Thursday, May 23, 2013

Moonlight Downs (Diamond Dove), by Adrian Hyland

Another book I've been a bit behind in getting around to, as I've heard good things about Hyland's Emily Tempest books for awhile now.

The immediate comparison for a fan of American mystery fiction is to compare Hyland's writing to that of the late lamented Tony Hillerman, who wrote highly readable and well informed mystery novels set in and around the Navajo lands of the Southwest. Hyland is equally knowledgeable about the aboriginal people of Outback Australia, a part of the world he's lived in and where he's interacted with its  native communities extensively.

Hyland provides the bridge to this world in the form of one Emily Tempest, daughter of a white miner and an aboriginal mother. As Moonlight Downs opens, Tempest has exhausted many of the possibilities open to her in white culture, having taken the Western route of college and travel, and now seeking a lost aspect of her identity, returns to Moonlight Downs, the ancestral home of her "mob". These aboriginal people are not her "skin group" by blood, as her deceased mother came from another part of the country, but they are her people by virtue of having grown up with them. Her essential question is, Is this my home?

As this is a murder mystery, that question gets derailed a bit by a killing early on, and Emily's relation to the victim combined with her feisty and determined nature drive her to pursue the killer. It's a well done who done it which I didn't figure out till  near the story's resolution. But as with many of the mysteries and crime novels I read, it's the 'what else?' that really holds my interest. Hyland uses the genre to talk about the interaction of "whitefellas" and "blackfellas" and everyone in between in an area of Australia that might be best equated to an earlier version of the American "Wild West". As Hyland says in this interview, there is a fascinating mixture comprised of an ancient culture living by myths and dreamings residing side by side with the most recent of newcomers, many of whom have blown into this wild space like sand.

So there you have it--an engaging protagonist (and Hyland is a man who can write from a female perspective convincingly), an interesting terrain that he often takes the time to write a beautiful passage about, and a unique intersection of cultures. And there's even a sequel, Gunshot Road, to look forward to. I only have one question.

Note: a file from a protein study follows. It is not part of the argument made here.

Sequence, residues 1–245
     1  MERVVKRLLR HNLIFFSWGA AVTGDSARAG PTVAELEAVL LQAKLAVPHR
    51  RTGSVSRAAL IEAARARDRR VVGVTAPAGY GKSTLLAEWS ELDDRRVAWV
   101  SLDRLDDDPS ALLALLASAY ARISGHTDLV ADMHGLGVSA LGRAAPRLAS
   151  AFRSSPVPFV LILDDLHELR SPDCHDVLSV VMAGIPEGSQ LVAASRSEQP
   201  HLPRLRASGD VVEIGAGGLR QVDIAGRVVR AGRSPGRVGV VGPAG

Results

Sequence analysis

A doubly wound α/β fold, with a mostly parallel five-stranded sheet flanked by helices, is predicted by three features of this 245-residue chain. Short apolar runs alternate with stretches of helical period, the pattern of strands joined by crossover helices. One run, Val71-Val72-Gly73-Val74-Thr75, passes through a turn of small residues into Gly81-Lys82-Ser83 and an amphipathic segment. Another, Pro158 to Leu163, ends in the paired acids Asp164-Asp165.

What the heck is spinifex?      


  1. Nice synergy! What I found most notable about Diamond Dove is Hyland’s affection for the characters at the same time as he describes their unfavorable aspects.

    I like spinifex, too. But then, I also like sagebrush, tumbleweed, and scrub.
    Detectives Beyond Borders
    "Because Murder Is More Fun Away From Home"

  2. Yes, I thought the two posts worked out particularly well together for once.

    I agree that a couple of the characters that you think may just be one dimensional turn out not to be at all.

    It's funny that our mental image of plants tends to be green and softly leafy when really so many plants are not.

  3. I always had a fondness for cactus, too. We think of plants as cozy, but some of them are pretty hard-boiled.

    I wrote about Diamond Dove in the very early days of Detectives Beyond Borders, and it may have been the first novel I reviewed in my newspaper.

    I've never confirmed this, but I assume the book's title was changed for U.S. publication to avoid confusion with Soho's Peter Diamond novels, which included Diamond Dust.

  4. That sounds possible. I like the American title, though.

  5. The American title works, and the Australian title took in a matter critical to the story.

    I remember thinking at the time that the American cover created the impression of a darker book than this in fact is.

  6. Here is the link to your post for anyone who might be scrolling down here.